Uncertainty and engagement with learning games
- 922 Downloads
Uncertainty may be an important component of the motivation provided by learning games, especially when associated with gaming rather than learning. Three studies are reported that explore the influence of gaming uncertainty on engagement with computer-based learning games. In the first study, children (10–11 years) played a simple maths quiz. Participants chose their preferred reward for a correct answer prior to seeing each question. They could either receive a single point or toss an animated coin to receive 2 points for heads or none for tails. A preference for the uncertain option was revealed and this increased during the quiz. The second study explored the discourse around learning when pairs of participants (13–14 years) competed against the computer in a science quiz. Progress depended on the acquisition of facts but also on the outcomes of throwing dice. Discourse was characterised by a close intermingling of learning and gaming talk without salient problematic constructions regarding fairness when losing points due to gaming uncertainty. A final experiment explored whether, in this type of game, the uncertainty provided by the gaming component could influence players’ affective response to the learning component. Electrodermal activity (EDA) of 16 adults was measured while they played the quiz with and without the element of chance provided by the dice. Results showed EDA when answering questions was increased by inclusion of gaming uncertainty. Findings are discussed in terms of the potential benefits of combining gaming uncertainty with learning and directions for further research in this area are outlined.
KeywordsUncertainty Games Motivation Learning
This work was made possible by an education project grant from the Innovation Unit. The Innovation Unit is a not-for-profit company limited by guarantee which, until November 2006 just prior the present project beginning, was part of the Department for Children, Schools and Families (DCSF), UK. The Innovation Unit’s education projects are funded by the DCSF. The data presented, the statements made, and the views expressed are solely those of the authors.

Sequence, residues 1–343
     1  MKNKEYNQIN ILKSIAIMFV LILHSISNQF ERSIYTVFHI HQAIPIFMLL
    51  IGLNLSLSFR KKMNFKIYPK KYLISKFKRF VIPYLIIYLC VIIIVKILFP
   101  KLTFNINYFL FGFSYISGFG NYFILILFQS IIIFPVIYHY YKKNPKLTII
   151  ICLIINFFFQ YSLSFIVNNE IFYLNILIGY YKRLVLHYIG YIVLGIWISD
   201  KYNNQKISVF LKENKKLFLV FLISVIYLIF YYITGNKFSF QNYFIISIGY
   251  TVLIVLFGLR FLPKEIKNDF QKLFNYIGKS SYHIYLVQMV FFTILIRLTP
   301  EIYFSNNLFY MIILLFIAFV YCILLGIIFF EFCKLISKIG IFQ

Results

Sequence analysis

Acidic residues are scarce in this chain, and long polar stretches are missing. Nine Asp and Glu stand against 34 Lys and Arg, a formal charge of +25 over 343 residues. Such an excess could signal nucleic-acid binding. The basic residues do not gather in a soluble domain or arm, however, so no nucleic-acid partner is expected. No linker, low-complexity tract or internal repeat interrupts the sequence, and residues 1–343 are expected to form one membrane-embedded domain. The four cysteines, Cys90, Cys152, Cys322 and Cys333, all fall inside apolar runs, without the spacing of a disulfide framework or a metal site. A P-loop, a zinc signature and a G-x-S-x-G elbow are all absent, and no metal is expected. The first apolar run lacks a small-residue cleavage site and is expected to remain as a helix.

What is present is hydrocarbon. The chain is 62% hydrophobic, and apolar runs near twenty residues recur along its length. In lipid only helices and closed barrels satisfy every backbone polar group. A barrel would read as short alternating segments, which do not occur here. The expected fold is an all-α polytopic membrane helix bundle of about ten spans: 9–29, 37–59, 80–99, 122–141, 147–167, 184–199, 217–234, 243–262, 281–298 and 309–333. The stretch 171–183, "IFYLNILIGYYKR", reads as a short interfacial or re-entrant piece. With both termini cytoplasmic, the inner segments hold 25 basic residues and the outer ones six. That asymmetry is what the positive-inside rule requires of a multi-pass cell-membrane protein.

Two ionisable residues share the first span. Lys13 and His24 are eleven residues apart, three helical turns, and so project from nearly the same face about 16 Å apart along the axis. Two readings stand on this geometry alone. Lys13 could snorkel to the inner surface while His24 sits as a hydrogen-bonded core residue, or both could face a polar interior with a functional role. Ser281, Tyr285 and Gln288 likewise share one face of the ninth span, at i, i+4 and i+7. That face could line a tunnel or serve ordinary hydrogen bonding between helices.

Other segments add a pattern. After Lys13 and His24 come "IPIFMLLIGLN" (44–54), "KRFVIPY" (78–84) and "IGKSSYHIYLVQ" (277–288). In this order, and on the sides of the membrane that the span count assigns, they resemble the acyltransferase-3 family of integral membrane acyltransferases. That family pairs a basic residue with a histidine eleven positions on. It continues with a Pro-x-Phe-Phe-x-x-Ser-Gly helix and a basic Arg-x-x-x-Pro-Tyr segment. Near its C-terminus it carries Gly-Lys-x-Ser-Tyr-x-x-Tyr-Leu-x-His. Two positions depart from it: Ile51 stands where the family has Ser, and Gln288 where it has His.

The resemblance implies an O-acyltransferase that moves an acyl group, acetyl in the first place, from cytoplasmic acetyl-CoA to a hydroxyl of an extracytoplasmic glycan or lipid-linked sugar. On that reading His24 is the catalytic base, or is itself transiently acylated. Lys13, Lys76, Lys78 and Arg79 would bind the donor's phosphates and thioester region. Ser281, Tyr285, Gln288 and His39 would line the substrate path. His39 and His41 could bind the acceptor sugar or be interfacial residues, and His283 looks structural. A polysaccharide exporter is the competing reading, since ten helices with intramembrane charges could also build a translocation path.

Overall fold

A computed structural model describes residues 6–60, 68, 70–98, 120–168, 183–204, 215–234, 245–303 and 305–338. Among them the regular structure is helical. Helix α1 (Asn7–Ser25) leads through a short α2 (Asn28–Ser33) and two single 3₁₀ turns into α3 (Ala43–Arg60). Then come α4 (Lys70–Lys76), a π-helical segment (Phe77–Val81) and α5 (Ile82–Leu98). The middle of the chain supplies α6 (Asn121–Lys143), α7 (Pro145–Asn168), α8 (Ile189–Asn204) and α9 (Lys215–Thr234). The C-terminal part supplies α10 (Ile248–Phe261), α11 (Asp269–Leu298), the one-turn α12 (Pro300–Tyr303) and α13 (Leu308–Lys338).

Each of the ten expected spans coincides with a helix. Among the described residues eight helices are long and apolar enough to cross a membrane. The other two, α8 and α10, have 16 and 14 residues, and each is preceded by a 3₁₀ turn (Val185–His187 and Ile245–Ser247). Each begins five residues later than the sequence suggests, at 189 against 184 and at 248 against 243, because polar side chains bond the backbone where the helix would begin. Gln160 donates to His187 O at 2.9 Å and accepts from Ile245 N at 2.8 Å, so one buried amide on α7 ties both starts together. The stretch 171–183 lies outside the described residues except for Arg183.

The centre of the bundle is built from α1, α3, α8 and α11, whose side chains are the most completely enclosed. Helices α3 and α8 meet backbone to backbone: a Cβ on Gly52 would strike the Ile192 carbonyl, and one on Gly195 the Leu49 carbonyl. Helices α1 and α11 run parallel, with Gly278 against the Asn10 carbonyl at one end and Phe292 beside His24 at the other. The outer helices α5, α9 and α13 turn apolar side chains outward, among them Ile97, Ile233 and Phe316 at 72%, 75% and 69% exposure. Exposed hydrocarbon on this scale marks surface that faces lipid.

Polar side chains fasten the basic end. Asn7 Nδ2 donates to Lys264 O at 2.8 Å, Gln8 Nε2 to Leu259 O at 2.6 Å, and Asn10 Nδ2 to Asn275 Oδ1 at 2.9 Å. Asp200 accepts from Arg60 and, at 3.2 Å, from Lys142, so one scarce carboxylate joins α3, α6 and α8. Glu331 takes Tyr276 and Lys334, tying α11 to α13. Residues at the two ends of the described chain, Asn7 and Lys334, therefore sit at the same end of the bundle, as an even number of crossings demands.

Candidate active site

- Caillois, R. (1961). Man, play, and games. New York: Free Press.Google Scholar
- Clifford, M. M. (1988). Failure tolerance and academic risk-taking in ten- to twelve-year-old students. British Journal of Educational Psychology, 58, 15–27.Google Scholar
- Csikszentmihalyi, M., & Csikszentmihalyi, I. S. (1988). Optimal experience. Cambridge, England: Cambridge University Press.Google Scholar
- Elliot, R., Friston, K. J., & Dolan, J. R. (2000). Dissociable neural responses in human reward systems. Journal of Neuroscience, 20(16), 6159–6165.Google Scholar
- Gee, J. P. (2003). What video games have to teach us about learning and literacy. London: Palgrave Macmillan.Google Scholar
- Griffiths, M. D., & Davies, M. N. O. (2005). Videogame addiction: Does it exist? In J. Goldstein & R. Raessens (Eds.), Handbook of computer game studies (pp. 359–368). Boston: MIT Press.Google Scholar
- Howard-Jones, P. A. (2007) Neuroscience and education: Issues and opportunities, ESRC-TLRP commentary, London: TLRP. Available at www.tlrp.org/pub/commentaries.html.
- Juul, J. (2003). The game, the player, the world: Looking for the heart of gameness. In M. Copier & J. Raessens (Eds.), Level up: Digital games research conference 2003 proceedings. Utrecht: Universiteit Utrecht. Available at http://www.jesperjuul.net/text/gameplayerworld/.
- Knutson, B., Adams, C. M., Fong, G. W., & Hommer, D. (2001). Anticipation of monetary reward selectively recruits nucleus accumbens. The Journal of Neuroscience, 21(RC159), 1–5.Google Scholar
- Loftus, G. R., & Loftus, E. F. (1983). Mind at play: The psychology of video games. New York: Basic Books.Google Scholar
- OECD. (2007). Understanding the brain: Birth of a learning science. Paris: OECD Publications.Google Scholar
- OfSTED. (2001). Improving attendance and behaviour in secondary schools. London: OfSTED.Google Scholar
- Owen, M. (2005) An anatomy of games. Discussion paper produced by Futurelab, Bristol. Available at http://www.futurelab.org.uk/resources/publications_reports_articles/discussion_papers/Discussion_Paper259.
- QCA. (2000). Science: The national curriculum for England key stages 1–4. London: HMSO/Qualifications and Curriculum Authority.Google Scholar